After getting to know the initial model, it looks like the eyelid is a little off. The eye, nose, and jaw may change. Often during production if sticky clients make changes you see the model change several times. The power of standardized UVs is that it can handle pesky modeling changes. The texture map can withstand some of the most ridiculous changes. I always pull a Lambert for registration overlays.

Underwater Blurry

Kfcv

Nude Model Render

O Step 15: Surface shader render

It's time to start pulling surface shader renders. The surface shader (Maya term) is a 100% self-luminant shader that gives you a completely neutral view of the progress of your map. nulling all shading and lighting. I also make my whole team render on white. It is very important to see exactly what and where the projections are. Right off the bat I see streaking in the eyebrow edge as well as covering up all that nasty green.

Making a start

Building up maps

0 Step 16: Cheek build

It's important to find the jaw line. The initial model s jaw is a little longer than the photography I'm going to have to Warp the cheek more than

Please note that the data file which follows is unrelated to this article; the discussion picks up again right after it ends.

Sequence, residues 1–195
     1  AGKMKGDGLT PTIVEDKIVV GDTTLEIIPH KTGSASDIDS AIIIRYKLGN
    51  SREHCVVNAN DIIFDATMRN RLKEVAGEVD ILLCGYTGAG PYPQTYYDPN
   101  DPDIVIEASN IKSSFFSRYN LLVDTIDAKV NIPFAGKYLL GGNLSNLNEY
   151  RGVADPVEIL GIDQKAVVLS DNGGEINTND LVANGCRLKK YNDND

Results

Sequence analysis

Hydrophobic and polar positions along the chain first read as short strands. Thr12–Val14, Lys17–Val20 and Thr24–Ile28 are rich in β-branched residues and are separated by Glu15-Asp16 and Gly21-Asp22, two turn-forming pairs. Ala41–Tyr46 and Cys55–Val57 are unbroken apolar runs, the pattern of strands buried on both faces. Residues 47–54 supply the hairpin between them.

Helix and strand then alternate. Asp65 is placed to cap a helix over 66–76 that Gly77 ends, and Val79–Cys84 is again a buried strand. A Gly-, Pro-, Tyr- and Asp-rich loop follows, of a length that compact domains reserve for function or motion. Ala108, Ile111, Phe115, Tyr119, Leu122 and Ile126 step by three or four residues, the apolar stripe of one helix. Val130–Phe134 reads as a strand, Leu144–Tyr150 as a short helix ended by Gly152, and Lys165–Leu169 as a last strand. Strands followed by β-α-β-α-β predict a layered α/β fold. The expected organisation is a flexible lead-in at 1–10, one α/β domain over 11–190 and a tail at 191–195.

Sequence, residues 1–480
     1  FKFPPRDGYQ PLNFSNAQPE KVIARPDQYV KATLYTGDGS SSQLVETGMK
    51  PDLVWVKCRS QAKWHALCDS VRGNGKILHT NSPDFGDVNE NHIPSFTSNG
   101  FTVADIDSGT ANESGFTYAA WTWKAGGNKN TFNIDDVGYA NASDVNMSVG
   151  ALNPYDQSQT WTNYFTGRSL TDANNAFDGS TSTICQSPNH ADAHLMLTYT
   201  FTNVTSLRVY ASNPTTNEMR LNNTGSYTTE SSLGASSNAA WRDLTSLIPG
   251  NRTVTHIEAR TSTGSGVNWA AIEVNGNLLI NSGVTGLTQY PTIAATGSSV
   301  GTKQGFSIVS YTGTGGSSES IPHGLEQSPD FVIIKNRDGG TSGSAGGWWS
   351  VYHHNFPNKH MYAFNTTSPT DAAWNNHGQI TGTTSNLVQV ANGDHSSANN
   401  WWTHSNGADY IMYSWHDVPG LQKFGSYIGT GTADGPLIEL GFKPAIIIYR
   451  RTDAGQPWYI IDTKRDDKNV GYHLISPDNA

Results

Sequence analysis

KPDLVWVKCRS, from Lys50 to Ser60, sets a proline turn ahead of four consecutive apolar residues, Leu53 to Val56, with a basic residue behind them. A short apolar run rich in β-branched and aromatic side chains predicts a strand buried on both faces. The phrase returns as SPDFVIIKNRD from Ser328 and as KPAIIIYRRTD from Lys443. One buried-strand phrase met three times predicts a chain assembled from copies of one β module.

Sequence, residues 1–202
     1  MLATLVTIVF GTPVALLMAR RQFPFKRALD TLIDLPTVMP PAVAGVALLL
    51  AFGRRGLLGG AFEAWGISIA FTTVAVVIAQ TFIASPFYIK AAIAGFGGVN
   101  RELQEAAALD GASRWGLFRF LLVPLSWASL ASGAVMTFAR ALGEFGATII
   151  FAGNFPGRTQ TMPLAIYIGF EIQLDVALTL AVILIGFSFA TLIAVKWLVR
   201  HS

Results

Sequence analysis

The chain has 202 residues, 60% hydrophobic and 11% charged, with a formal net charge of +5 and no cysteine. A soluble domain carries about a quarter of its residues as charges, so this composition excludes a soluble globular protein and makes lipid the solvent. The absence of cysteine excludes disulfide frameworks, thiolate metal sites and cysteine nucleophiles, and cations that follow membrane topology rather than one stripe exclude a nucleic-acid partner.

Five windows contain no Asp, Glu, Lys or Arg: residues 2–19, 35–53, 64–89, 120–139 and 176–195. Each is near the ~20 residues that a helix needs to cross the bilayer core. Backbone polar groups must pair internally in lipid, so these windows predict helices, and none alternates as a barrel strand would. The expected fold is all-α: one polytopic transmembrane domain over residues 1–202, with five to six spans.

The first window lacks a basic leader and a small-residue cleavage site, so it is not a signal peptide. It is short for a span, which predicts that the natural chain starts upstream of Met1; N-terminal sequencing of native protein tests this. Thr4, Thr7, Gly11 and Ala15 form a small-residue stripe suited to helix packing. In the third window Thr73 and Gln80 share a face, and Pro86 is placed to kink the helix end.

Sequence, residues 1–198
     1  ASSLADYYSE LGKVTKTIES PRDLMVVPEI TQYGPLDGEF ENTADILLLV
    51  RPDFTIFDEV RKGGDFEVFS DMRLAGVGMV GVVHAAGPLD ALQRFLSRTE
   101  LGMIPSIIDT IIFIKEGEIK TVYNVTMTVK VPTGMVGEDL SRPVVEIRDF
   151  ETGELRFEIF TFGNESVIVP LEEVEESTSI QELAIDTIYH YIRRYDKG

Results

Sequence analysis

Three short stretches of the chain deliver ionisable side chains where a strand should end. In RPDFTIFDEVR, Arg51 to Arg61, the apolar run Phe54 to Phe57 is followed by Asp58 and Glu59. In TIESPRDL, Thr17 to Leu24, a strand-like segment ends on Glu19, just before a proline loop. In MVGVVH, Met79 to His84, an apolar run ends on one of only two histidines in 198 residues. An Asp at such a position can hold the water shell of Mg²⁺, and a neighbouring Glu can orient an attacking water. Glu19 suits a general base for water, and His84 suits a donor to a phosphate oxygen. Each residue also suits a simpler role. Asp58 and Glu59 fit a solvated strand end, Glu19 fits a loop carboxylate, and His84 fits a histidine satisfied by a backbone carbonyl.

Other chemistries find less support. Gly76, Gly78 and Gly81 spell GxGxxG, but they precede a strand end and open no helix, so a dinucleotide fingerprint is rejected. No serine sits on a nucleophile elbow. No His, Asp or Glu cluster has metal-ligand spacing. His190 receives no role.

1 like Your anchor points are the ear hole, the temple, the edge of the eye. the corner nostril, corner of the lips, chin, and the jaw shadow from the Lambert In this case, I actually had to do the jaw in two pieces Once you have the jaw to cheek you have a temple patch and side of forehead patch

Monika KubickovaMonika Kubickova

O Step 17: Final side

Don't forget about the side of the nose. Every pari. of the final map should haw« NO streaks I quickly slapped on an ear with Warp, because therfe may b^ modifications to the ear The ha, easily falls into place; be Su to alion Ze forehead hairline. I quickly do a Lambert check to see wha the side projection can be pulled off. I left a grey lambert overlay vis.bfe to show the areas best left to the front.

Monika KubickovaFace Reference For Modeling

o Step 18: Final side